Bell Labs has enriched us with a string of incredible technology breakthroughs over the years, but there are three standouts that really lead the pack: the transistor, followed closely by the integrated circuit, and then the charge-coupled device (CCD). Each of these inventions ultimately revolutionized our entire world, the way we do business, and the way we live our lives. But I have to believe that the CCD really takes top honors. Today, every smart phone contains a high-resolution digital camera as one of the many parts of this incredible repository of highly concentrated technology. I use an extremely outdated Blackberry Bold, and even that unprepossessing instrument contains vastly more computing power than the Osborne, my first home office computer back in 1982.
|Walter Salm, Editor |
Today's college students grew up with cell phones, digital cameras and notebook computers. When I was in college, my camera of choice was a Speed Graphic, a very large, cumbersome camera favored by press photographers. It was so complicated to use, I had to go through an 11-point check list before pressing the shutter release. With that much required preparation, I rarely took a bad picture. I wrote my papers and projects on a manual Smith-Corona portable typewriter.
Video cameras at broadcast centers still relied on vidicon tubes as image sensors — four of them per camera — three for primary colors and one for "luminance" levels. They were all monochrome sensors, using filters to separate the colors. TV sets were still big, cumbersome, unwieldy boxes, and you can still buy them at thrift stores if you want to open your own museum.
My very first camera, inherited from my parents, was a 1929 vintage No. 1A Pocket Kodak (116 postcard-size film), a folding camera with bellows that did not fit in any of my pockets. As a camera, it was barely adequate, but then I graduated to the truly pocket-size Kodak Bantam (828 film). The film, the same width as 35mm film but with special sprocket holes, was hard to get, and before long, I moved up to the Speed Graphic, which used 3-1/4 x 4-1/4-in. cut film in sheet film holders.
Last year, I finally bit the bullet and shelved my third Kodak digital camera in favor of a trim, pocket-size Nikon S6400 — about the same size as a cell phone. My camera equipment has been getting progressively smaller, although I still hesitate to depend on my phone for my photography. Strangely, Kodak started it all. The year was 1974 when an Eastman Kodak engineer named Steve Sasson, instructed to check out this new doohickey called a charged coupled device as an image sensor supplied by Fairchild Semiconductor. Fascinated by the CCD's possibilities, Steve managed to assemble — mostly from junk-drawer parts — the world's very first all-electronic camera. The CCD was an alalog device, so the camera had to include analog-to-digital conversion. The invention used a discarded lens from a Super-8 movie camera, a cassette data tape as its storage medium, was monochrome only, and produced an incredibly low-res picture on a TV monitor. The camera was about the size of a large toaster, weighed 8.5 pounds, and produced a photo with a resoluion of 0.01 megapixel.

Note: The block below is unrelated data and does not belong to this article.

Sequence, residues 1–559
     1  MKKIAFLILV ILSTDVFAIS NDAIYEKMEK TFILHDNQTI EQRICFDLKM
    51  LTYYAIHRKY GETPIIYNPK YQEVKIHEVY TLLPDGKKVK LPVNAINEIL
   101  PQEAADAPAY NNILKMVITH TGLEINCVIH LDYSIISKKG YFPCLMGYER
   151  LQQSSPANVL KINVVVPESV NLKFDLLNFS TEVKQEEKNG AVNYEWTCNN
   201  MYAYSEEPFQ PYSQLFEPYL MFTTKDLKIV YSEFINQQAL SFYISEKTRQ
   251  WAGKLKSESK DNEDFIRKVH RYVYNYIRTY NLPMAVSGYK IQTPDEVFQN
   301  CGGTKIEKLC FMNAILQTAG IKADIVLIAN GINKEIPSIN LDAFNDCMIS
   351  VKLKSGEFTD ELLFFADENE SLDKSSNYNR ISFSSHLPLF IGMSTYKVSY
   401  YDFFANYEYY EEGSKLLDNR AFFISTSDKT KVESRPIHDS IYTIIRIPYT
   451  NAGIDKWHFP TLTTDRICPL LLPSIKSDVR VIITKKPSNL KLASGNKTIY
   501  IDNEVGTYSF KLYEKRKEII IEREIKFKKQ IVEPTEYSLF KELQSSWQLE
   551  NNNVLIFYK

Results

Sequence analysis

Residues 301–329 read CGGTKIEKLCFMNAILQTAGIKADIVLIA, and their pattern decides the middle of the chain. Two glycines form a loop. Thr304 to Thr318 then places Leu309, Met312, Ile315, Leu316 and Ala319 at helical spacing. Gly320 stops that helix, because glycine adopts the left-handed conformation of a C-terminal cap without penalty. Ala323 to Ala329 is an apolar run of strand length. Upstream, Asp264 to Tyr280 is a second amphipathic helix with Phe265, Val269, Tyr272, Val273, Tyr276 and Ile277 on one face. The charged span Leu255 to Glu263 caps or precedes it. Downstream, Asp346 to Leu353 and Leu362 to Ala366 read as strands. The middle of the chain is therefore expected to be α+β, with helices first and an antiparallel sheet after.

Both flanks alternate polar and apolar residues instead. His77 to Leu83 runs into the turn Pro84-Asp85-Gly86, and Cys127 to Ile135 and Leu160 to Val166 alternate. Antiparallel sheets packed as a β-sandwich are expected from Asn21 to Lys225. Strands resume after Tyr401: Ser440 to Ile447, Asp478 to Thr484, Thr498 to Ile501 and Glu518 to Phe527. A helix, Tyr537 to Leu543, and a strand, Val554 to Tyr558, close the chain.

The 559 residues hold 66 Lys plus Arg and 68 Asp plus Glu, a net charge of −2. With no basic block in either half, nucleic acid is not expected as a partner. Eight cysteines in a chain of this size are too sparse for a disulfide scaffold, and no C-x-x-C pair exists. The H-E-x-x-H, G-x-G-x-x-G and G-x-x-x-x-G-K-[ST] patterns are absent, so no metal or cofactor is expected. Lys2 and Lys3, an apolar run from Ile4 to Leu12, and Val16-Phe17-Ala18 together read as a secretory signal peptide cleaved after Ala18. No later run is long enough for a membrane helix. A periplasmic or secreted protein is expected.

About the same time this was going on, I was visiting trade shows toting my 20-pound leather camera bag containing a Nikkormat 35mm single-lens reflex, two spare Nikon lenses — a 35mm wide angle, and a 155mm telephoto, plus a kludgy Honeywell strobe, which attached to the camera with an equally kludgy bracket that screwed into the tripod socket. Also in the camera bag were a half-dozen different filters, at least six 36-exposure rolls of Tri-X film and a couple of rolls of Ektachrome. I was still using this camera when I first started working for U.S. Tech in 1985.
The back of my home-office desk was lined with those empty black and gray Kodak plastic film containers, which were just too good to throw away. Even though I was using a Japanese camera, I was still doing my best to keep Eastman Kodak in business.
My first digital camera, purchased in 2002, was a Kodak DX4900, at the time highly rated by Consumer Reports. It took some getting used to after a lifetime of using film. Within two years, I replaced it with a Kodak DX6490, a full-featured unit that more closely resembled a "real" single-lens reflex camera. It had a German-made Schneider lens, and I loved that camera dearly until some features finally stopped working. I guess I just wore it out. This was followed by my wife's Kodak DX7440, which I "borrowed" for a while until I found my present camera, the pocket-size Nikon.
The part that really bothers me about all of this is that Kodak clung to its film business so tenaciously — even as it was evaporating — that the company eventually had to file for bankruptcy, and this was the company that was responsible for inventing digital photography to begin with! The company has since re-invented itself on a much smaller scale, but no longer do those familiar yellow boxes dominate the shelves in drug stores and at camera counters.
Kudos to Kodak's Steve Sasson for inventing the digital camera, and a really big "shame-on-you" to Kodak for letting the business get away from the company. Kodak-developed technology is still used in all of today's digital cameras. And of course they?re all made off-shore. That has to be a really big "shame on you."